In these settings, compliance means companies must know where “their client’s data is, and what parts of the network it passes through, even if that complexity is invisible to the client.”

Cloud Computing and Vendor News

12. Amazon’s Cloud Is Locked and Loaded

The online retailer is a pioneer in cloud computing, thanks to a willingness to extend the IT infrastructure that powers its own sites and services into a rent-by-the-hour computing service of its own. And now the time has come to lock customers into long-term contracts. These virtual machines on Amazon’s robust infrastructure can run any service you like, and they already power dozens of business-class applications.

13. How To Set Up High Availability Web Applications in the Cloud using GoGrid

Describes how to implement a secure, redundant, load-balanced web application in the Cloud, using GoGrid.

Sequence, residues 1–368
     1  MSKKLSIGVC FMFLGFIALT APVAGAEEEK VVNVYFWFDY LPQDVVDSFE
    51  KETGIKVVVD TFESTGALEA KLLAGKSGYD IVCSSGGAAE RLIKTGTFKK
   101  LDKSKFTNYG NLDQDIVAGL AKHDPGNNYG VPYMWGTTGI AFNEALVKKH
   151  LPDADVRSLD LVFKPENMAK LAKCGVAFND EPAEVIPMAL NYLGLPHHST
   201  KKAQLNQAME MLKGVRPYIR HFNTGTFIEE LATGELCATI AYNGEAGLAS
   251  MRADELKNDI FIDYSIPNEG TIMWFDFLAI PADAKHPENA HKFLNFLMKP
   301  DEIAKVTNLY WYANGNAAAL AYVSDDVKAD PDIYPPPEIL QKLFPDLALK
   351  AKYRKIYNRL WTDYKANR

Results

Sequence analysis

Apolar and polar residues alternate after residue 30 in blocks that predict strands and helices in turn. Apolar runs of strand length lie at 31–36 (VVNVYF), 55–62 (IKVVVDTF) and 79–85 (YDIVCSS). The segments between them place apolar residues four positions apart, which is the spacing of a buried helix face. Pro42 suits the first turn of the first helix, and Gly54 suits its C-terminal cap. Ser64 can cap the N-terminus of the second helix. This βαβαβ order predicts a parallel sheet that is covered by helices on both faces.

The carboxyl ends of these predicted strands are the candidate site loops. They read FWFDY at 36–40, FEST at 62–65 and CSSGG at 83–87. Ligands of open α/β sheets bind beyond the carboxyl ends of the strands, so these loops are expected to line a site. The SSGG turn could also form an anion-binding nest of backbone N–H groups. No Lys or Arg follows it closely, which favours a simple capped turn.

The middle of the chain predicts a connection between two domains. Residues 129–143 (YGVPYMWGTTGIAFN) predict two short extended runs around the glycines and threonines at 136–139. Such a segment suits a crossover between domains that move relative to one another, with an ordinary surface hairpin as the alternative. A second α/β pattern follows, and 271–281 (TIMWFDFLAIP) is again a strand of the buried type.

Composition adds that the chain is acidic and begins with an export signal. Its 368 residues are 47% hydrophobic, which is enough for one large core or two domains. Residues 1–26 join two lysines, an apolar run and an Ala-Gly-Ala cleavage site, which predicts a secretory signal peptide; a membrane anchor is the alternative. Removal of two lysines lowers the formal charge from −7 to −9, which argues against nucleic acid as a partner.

3 thoughts on “A Baker’s Dozen: Links on Cloud Computing

  1. I have a lot of admiration for Amazon–their initial retail concept and operations, the Kindle and now being “locked and loaded” with cloud computing. Even growth in a recession. A lot to admire.

    • Amazon’s innovation and growth in the midst of a recession really is admirable. That Amazon could act as a hardware manufacturer with the Kindle, so out of their comfort zone, with success, is a lot…

      Has anyone found numbers of Kindles sold? Last I read (a bit ago), Amazon wasn’t disclosing these #s and said projections were extremely high.

  2. I missed the Techcrunch post yesterday, on the McKinsley & Company report, “Clearing the Air on Cloud Computing.”

    http://tinyurl.com/d6knad

    The McKinsley report states that cloud computing is over-hyped due to cost, recommending virtualization as the way for large enterprises to go.

    Techcrunch points out that increased competition will force Amazon Web Services (AWS) to come down in cost.